Also want to express my experience where any time I feel there was a gap in my understanding of how something or another worked due to a lack of documentation that was meaningful/helpful to my specific way of learning AND where I was hesitant to ask publicly (etc) for whatever reason, it was only a matter of time until a resource magically appeared. My fav example is the JF technical map. Had been scratching my head at doing anything beyond the most surface usage of the module and then one day that just showed up. There is a collective unconsciousness on the this forum that given enough time rises all of our understanding up.

Crow will be my first official monome product. I have maybe 10% knowledge of it’s potential and know full well my programming chops (very minimal) will be a bit of a mountain to climb. I saw “usb, 2 in, 4 out, 2hp, and scripts”. Normally, that wouldn’t be enough to purchase. But because I see Crows less as a ‘product’ and more of a ‘project from lines people’, I knew that I would purchase it immediately and that given time and the spirited contributions of the community I would be guaranteed to draw creative juice from it.

Fully stoked and I have no idea what I’m going to do with it.


i find that the more complex, engaged relationship with monome/manniquins is far more rewarding for me personally. i also have VERY limited time for music related things (maybe an hour a day if i am lucky) and have struggled with TT and /w and norns etc. but i think as a result of pushing through some of those frustrations (still plenty ongoing too) i have in the end made music i am proud of. music i would never have been able to create were it not for these devices and my adapting them to how i think/work.



whether your interaction with a shop or service is online or in-person at a brick-and-mortar, NOBODY welcomes a customer who makes demands just because money has been exchanged

you brought up a decent point about improving documentation but have completely derailed your own argument with extreme agression and unreasonableness (for what reason i don’t know)

i’ve lost count how many features monome have improved on or added to their software/hardware because fans discussed it online & asked politely

we all benefit from that


could have fooled me! :stuck_out_tongue:
i’m right there too… hour a day TOPS unless I want to sacrifice sleep by staying up into the wee hours.

I also to be clear if i wasn’t before, I’m not complaining about the difficulty of figuring this stuff out, but if we’re discussing the documentation I feel compelled to voice my feelings on the matter and directly contrasting @alanza’s comments about how good the studies are, as someone still trying to figure it out, as opposed to someone who is proficient. I have conceded that my life doesn’t currently allow me the time to really dive in and spend the time that learning it all requires. But I also do feel that, and as mentioned, it could very well be my learning style, the current studies don’t necessarily work for well for me. I feel that a video just sort of explaining some of the concepts and terms etc could really unlock some of the concepts for me. The Ansible manual was a bit confusing, but after some of the videos… can’t remember who’s… I figured it all out fairly quickly and can use the manual to look up specific features, options, etc rather easily.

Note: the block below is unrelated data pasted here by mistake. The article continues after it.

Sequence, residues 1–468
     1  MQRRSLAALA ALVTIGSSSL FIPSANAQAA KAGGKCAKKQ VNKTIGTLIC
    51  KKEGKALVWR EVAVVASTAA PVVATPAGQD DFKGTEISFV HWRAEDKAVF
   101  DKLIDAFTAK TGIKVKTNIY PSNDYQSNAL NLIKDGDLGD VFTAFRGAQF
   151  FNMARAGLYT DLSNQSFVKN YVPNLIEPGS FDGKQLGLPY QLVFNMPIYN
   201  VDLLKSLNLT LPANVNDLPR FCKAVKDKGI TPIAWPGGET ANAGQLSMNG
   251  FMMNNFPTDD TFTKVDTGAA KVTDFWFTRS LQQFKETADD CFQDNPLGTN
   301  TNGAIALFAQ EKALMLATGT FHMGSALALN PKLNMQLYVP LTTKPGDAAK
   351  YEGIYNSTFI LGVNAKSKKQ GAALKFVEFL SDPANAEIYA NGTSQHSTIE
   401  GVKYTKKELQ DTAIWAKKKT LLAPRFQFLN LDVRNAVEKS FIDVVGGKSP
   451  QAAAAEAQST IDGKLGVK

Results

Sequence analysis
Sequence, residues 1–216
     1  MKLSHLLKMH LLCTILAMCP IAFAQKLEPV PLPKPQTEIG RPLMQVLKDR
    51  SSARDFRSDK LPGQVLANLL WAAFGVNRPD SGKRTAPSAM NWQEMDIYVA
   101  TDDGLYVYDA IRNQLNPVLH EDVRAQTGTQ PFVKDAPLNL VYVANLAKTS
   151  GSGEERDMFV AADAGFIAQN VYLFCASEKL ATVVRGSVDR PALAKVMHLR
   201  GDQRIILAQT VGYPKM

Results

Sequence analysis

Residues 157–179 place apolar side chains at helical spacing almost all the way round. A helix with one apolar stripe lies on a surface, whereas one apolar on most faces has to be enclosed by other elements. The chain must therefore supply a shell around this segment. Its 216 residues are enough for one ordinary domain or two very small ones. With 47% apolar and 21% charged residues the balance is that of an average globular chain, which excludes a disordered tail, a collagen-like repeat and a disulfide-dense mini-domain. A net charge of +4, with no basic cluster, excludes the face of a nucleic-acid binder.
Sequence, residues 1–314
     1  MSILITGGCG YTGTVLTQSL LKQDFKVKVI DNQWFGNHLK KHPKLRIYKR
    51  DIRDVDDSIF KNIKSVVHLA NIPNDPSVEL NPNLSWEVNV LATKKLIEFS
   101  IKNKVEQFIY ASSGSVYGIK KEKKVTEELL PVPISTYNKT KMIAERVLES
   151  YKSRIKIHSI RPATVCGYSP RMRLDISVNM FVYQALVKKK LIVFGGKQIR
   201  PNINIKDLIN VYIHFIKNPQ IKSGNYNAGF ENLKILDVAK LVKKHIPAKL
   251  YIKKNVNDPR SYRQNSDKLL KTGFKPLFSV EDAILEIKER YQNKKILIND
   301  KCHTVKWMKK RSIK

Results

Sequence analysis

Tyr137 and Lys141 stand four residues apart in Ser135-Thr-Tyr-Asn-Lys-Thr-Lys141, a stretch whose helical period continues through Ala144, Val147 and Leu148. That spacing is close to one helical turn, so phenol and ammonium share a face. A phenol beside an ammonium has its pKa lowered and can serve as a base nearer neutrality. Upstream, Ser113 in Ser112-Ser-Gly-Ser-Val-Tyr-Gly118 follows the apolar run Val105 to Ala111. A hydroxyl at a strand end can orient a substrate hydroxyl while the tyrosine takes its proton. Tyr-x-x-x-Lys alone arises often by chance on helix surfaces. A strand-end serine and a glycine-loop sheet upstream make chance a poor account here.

And to reiterate I really appreciate all the hard work of the people that DO spend their time programming, and sharing and helping those of us with less time, knowledge, inclination to program and develop for Norns, TT, etc. I think that is what draws me to the Monome world is the ecosystem that allows me to find uses for these devices in my music making without having to learn the programming.


Hi all. My apologies for coming off as condescending earlier. I did genuinely mean the “learning is hard” comment. I found @nutritionalzero’s comments incredibly frustrating.

I do think the Teletype studies are actually great, but I’m happy to be wrong about that. I think that there is a big gap between being able to read the studies and being able to consult the manual and learn from it.


just to speak quickly to the idea that crow is unfinished or beta/etc…

we ensured the crow would work perfectly well out right away as a norns CV interface or ableton CV interface— because this was the initial use case that caused crow’s existence. the lua environment was a breakthrough to become another thing— the part that requires all of the tutorials and learning because it’s a little weird, i admit.